‘I’m never doing this again’: One SWL reporter relives her experience of the London Marathon


Almost two weeks on from the event, Rachael Knowles reflects on the big day.


By Anthony Lewis-Binns

SWL reporter Rachael Knowles ran this year’s London Marathon. Almost two weeks on from the event, she reflects on the experience of a lifetime.

Anthony: Why did you decide to run the marathon?

Rachael: Firstly, because I know a couple of people who have been affected by leukaemia, and I wanted to do something for them. Also, I wanted to alert people to Anthony Nolan, a blood cancer charity that tries to raise awareness of the fact that anyone can be on the stem cell register – which is so easy to do. You spit on a stick and send it in!

Also, I had put on two stone during uni and wanted to get rid of it – I felt pathetic not being able to walk up the stairs without getting out of breath. I wanted to feel fit and strong again.

A: How was the training process?

R: (Rachael looks momentarily terrified at the mere mention of training). The training process…. at first I was really focused, I had a schedule all sorted out, and I had a job, so I was doing it after work every day; running, increasing my distance and getting really into it. Then, I got really really really bad – like really painful – shin splints, and a stress fracture down my left leg, which meant I couldn’t run for four weeks, which hit my training hard. After those four weeks I started again, but around that time, I started my journalism diploma – which hit my training even harder, to the point where I didn’t train at all!

A: How’s that? I can’t imagine why something as unobtrusive and non-time consuming as a journalism course could possibly get in the way of general life…

R: REALLY? Well, the course itself is really intense. You have to learn shorthand in 20 weeks, and practice shorthand every night, and think about shorthand in every waking minute, which doesn’t leave room for going for a big run, or a small run. And at weekends, you’re absolutely wiped out by doing half a marathon or more, so you can’t even begin to function or think of anything else. And I thought ‘how the hell am I going to survive this marathon?’ I literally thought I was going to die!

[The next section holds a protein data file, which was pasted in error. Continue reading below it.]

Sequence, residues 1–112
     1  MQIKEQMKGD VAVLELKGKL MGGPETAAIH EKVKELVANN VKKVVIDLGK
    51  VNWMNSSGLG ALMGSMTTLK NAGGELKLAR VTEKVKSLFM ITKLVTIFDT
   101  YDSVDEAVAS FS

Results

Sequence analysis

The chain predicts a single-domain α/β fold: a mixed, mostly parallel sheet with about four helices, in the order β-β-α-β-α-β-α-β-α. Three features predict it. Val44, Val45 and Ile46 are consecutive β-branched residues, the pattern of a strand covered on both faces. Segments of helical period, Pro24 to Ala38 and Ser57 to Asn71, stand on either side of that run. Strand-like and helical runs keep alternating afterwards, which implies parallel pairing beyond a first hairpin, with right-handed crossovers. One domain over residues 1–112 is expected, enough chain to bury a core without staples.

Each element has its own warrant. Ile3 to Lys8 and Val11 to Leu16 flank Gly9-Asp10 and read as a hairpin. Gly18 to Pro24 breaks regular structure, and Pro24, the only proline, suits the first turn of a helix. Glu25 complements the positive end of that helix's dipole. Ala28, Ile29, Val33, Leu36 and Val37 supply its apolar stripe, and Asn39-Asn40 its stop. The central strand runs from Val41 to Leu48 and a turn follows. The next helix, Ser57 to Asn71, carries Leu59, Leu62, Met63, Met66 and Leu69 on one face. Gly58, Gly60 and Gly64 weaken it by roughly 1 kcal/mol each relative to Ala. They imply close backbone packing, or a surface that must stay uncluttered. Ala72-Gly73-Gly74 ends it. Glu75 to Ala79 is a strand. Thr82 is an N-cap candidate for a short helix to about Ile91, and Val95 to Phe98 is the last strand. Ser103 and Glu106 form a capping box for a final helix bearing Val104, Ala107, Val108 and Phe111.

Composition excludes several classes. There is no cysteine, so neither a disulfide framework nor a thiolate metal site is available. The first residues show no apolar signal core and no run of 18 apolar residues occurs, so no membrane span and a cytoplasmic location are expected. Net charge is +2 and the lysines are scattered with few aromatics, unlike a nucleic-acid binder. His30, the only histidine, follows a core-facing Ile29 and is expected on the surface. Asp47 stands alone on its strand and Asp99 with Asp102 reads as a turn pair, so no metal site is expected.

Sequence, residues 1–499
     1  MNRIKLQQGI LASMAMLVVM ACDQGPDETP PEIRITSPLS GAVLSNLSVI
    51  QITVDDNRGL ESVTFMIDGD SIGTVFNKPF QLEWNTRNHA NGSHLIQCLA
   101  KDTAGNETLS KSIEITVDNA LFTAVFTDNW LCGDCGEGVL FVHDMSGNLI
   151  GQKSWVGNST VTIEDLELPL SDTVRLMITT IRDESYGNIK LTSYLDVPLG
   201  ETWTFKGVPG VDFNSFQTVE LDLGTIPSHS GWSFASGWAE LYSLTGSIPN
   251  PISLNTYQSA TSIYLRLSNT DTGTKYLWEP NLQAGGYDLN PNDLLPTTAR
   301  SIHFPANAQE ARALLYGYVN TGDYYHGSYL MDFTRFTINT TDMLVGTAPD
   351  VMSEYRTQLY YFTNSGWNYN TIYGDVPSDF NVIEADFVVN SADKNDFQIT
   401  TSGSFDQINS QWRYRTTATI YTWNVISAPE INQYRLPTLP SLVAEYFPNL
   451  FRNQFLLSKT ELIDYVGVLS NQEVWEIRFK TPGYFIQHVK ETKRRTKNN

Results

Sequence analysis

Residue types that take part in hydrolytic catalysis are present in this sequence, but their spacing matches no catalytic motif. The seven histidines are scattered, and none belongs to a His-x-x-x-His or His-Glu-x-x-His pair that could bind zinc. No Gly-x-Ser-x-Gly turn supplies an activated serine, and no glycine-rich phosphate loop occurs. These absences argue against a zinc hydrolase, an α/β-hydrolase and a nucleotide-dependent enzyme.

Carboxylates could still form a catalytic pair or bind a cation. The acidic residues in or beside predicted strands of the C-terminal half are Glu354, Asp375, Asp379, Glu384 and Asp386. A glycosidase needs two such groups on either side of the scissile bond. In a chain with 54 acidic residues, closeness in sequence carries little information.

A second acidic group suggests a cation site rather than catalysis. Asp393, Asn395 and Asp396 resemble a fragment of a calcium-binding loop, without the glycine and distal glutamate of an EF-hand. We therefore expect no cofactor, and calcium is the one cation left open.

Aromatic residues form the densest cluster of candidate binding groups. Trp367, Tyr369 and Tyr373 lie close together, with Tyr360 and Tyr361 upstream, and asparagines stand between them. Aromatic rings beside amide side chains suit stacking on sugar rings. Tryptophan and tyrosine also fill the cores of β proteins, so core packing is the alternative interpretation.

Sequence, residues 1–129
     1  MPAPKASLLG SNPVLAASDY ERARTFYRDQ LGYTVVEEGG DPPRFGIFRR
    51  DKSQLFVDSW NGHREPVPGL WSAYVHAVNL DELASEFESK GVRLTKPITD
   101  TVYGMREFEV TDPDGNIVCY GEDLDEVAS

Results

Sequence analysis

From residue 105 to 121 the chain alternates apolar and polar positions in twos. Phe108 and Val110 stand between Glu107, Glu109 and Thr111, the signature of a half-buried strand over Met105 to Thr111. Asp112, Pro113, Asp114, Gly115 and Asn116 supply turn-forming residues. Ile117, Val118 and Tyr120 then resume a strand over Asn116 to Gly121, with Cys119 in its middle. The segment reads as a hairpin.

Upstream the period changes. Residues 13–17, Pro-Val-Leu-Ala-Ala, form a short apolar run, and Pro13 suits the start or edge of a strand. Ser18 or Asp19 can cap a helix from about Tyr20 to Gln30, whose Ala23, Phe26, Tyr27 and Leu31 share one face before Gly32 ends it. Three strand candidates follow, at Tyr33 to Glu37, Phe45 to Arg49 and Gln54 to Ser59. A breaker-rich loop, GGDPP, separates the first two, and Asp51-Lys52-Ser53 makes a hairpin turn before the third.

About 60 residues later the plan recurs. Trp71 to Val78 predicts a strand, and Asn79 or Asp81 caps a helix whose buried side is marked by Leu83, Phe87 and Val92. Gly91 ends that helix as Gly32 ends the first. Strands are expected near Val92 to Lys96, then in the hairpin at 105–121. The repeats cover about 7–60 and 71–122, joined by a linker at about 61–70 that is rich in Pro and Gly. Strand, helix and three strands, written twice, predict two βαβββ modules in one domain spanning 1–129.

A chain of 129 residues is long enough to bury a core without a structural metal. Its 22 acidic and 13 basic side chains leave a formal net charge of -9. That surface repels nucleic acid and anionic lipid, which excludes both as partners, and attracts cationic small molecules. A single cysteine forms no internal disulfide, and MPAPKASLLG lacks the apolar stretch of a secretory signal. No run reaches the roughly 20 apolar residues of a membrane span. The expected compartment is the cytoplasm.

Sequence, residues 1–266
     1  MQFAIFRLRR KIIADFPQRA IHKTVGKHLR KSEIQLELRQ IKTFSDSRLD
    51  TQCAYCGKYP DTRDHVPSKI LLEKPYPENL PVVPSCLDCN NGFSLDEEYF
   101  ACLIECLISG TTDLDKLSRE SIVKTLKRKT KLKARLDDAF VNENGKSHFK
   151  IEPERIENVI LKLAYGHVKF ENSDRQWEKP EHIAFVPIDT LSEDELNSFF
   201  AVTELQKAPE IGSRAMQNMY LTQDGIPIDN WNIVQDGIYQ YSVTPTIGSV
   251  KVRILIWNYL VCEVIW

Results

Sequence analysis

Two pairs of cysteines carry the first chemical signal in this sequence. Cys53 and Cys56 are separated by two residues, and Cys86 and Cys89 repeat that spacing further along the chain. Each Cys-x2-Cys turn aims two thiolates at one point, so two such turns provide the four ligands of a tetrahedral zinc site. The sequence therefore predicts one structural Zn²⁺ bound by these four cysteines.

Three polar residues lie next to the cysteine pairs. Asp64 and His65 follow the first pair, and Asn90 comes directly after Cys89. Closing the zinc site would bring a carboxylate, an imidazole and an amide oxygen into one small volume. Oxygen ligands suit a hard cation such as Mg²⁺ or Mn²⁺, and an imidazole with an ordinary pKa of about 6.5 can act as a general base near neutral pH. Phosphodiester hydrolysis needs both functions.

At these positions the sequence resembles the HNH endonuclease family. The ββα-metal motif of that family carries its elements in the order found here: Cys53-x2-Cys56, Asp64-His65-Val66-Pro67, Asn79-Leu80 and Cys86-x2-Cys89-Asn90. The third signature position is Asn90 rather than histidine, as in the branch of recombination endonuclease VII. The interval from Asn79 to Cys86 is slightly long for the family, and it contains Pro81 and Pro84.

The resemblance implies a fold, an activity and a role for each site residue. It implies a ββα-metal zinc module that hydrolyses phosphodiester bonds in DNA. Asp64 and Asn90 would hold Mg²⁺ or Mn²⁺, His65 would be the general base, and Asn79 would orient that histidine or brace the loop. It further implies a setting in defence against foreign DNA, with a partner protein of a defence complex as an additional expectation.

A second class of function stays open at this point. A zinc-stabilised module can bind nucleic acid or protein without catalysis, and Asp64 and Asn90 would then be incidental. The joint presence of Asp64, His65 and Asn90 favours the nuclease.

A: Okay. So, tell me about the day of the marathon. So, in the morning…

R: I got up at half six, very excited to go to Blackheath [the starting line], and packed up my jelly babies and cereal for sustenance. I met with my friend Alex. Neither of us had ever run a marathon, so we were both feeling really nervous, and when we saw the massive crowds of people, my stomach flipped.

A: Yes – there were 36,000 people running this year….it must have been daunting?

R: Yep- really daunting…

A: More daunting than shorthand?

R: What could be more daunting than having to learn 100wpm by 20 weeks or not getting a job, ever? Although no, right at that point, it’s safe to say I wasn’t thinking about shorthand, although WHEN I was running, I did have outlines going through my head!

A: Which ones?

R: “I want to quit,” “Ouch,” “Jelly Babies,” Food,” “I really need the toilet.” That one happened quite a lot.

A: Did you do a Paula Radcliffe?

R: Not at the side of the road, no….

A: We’ll leave it there… How were you at the halfway point?

R: I was thinking, this is gonna be bad, but actually do-able. I thought, yes, we can actually do this. Little did I know what was coming. We hit a wall between 16 and 20 miles – a MASSIVE WALL – and the boredom started to kick in. We were thinking ‘when is this going to end?’ There was no crowd, and no one was there to cheer us on, so it got really depressing. But by mile 20, we were back in central, and it got mental again.

A: So the crowd really makes a difference to performance?

R: Yes, definitely. The crowd was absolutely amazing. Every time they cheered your speed would pick up. They see your name on your shirt and would shout, ‘KNOWLESY!’…it makes you feel they are there for you, and it’s such a boost, such a good feeling, and you feel like you have to do it for them as well as yourself.

A: And how was crossing the finish line?

R: My friend had suffered a knee injury at mile seven, so I was dragging him along most of the way, but by the time we got near the finish line, I thought I would go ahead and cross the line running…so I ran down the Mall towards Buckingham Palace, and the crowds were huge and amazing. It felt like it was just me and no one else, just a massive crowd cheering me on.

A: And as you crossed the line?

R: It was just…I can’t even really remember much…it was just a massive wave of relief. I was happy it was over, but it was very emotional. I thought, ‘I can’t believe I’ve done this.’ As I went through, I thought: I want to go to the pub, then get a massage!

A: What outfits did you see?

R: I saw about 10 different rhinos with names like Harry and Walter, and it got depressing to see a massive rhino overtaking you…how do they do that? At one point, we saw a giant teddy bear coming down a route we had passed 8 miles back, and he looked so sad. I saw a man with a tiger on his back. I saw a two- man camel. Oh, and a Spongebob.

A: And your lasting impression of the experience?

R: During it, I was thinking ‘I’m never doing this again’, but I’ve already signed up to do a half- arathon this year, and I’m aiming to do the Paris marathon next year.

A: And finally, how much money did you raise for Anthony Nolan?

R: Around £650 so far…and people can still donate now!

To help Rachael reach her £1000 target and donate to Anthony Nolan, visit

Related Articles